Thank you for visiting our FAQ page. Here you will find many of the questions often asked by potential or existing clients searching for a qualified dog trainer.
If you still have questions, feel free to call us or visit or Contact Page.
We provide exclusively private in-home dog training at your location or in public places.
We only practice science based, positive reinforcement, force-free dog training without the use of aversive methods such as pinch collars and e-collars.
All trainers are required to have a minimum of 1-year of dog training experience in a professional environment such as a shelter, private dog training business, or retail setting.
All of our trainers have passed, completed, and have been approved as AKC Evaluators.
All documents and payments are due in advance.
Smart Dog Pet Training can begin puppy training in your home as early 12-weeks old for basic training such as potty training, nipping/biting and basic cues such as “sit” and “stay”.
First begin to introduce your puppy to the crate as a safe and relaxing place to go being comfortable with a bed or mat and a few toys to keep busy. Always keep the crate in the area of your home you spend the greatest amount of your time so the puppy does not feel isolated. It’s ok to feed your puppy in the crate while gone, but keep in mind try to avoid keeping your puppy in the crate for no longer than a few hours if possible for potty breaks and exercise.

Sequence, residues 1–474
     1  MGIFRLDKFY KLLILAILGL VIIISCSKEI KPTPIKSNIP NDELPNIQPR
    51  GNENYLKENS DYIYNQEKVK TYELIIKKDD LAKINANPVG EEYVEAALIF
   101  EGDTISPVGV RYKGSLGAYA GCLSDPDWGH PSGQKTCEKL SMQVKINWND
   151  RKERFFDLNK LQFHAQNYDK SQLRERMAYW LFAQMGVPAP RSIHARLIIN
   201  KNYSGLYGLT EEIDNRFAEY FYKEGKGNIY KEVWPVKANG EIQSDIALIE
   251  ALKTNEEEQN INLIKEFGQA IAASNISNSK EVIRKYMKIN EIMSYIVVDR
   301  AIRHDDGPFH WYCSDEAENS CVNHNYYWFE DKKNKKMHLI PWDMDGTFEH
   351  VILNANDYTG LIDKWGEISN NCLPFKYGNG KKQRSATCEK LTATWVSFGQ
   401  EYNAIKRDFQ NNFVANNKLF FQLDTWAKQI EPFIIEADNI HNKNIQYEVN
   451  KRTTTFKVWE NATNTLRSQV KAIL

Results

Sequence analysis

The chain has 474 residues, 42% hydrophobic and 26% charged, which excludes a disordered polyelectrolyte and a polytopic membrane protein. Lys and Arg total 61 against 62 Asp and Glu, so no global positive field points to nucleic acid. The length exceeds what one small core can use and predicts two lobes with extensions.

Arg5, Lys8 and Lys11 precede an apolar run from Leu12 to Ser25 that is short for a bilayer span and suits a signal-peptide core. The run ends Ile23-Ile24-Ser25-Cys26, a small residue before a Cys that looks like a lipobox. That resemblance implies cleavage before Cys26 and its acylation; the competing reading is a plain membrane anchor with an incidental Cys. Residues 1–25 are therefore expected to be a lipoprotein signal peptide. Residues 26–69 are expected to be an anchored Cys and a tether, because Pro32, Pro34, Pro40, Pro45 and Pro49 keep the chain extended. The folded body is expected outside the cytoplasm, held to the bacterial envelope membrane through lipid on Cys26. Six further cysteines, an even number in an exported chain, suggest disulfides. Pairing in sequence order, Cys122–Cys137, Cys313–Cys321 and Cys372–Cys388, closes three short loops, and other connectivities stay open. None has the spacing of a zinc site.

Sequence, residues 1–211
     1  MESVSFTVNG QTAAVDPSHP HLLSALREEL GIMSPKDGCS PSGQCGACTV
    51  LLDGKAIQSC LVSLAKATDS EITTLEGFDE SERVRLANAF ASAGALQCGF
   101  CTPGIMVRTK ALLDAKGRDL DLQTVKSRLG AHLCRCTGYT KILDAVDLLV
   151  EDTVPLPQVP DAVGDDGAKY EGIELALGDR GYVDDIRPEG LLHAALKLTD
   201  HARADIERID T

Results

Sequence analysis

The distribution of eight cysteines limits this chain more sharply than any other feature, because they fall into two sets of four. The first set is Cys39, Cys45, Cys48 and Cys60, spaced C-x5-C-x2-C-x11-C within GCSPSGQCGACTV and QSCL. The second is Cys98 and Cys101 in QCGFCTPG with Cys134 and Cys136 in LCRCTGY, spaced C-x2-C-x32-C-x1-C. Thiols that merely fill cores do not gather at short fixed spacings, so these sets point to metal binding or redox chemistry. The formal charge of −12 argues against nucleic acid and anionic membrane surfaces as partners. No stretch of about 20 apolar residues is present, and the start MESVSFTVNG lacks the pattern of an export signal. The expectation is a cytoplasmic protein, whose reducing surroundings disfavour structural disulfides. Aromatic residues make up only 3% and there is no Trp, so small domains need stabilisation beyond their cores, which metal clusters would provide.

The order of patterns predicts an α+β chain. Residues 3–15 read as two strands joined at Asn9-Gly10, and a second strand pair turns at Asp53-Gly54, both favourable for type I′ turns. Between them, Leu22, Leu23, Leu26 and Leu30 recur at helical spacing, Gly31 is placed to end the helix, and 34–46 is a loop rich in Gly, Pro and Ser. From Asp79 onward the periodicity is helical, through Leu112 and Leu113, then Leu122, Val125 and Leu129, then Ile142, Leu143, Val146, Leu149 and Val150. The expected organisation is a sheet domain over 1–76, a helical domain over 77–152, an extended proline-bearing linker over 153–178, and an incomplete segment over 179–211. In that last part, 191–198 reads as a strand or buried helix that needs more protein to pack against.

As trainers, this is referred to as “Leash Reactivity” and defined as otherwise friendly dogs off leash, reactive on leash. It is important to teach your dog how to avoid distractions anywhere you may be by offering an alternative behavior such as the cue “Watch Me” and have the dog focus on you using high value treats (high value is defined by the dog) when distracted. Most commonly used by trainers may also be what we call counter-conditioning and desensitization to reduce dog reactivity.
Dog’s are incredibly intelligent animals, and once owners understand how to properly communicate with their dogs, a dog can be taught pretty much anything. When dogs bark, we often ask “why is the dog barking?” If we know why the dog is barking, it is much easier to provide a solution to teach the dog to stop barking, such as using an alternative behavior, the “Watch Me” command, or maybe the “Quiet” command.
Nipping and biting puppies is a very normal behavior and can often stop or reduce as they begin to get maturity if handled properly at a very young age. Teaching your dog the “Leave-It” command is something you should teach your puppy very early on, in addition to bite inhibition.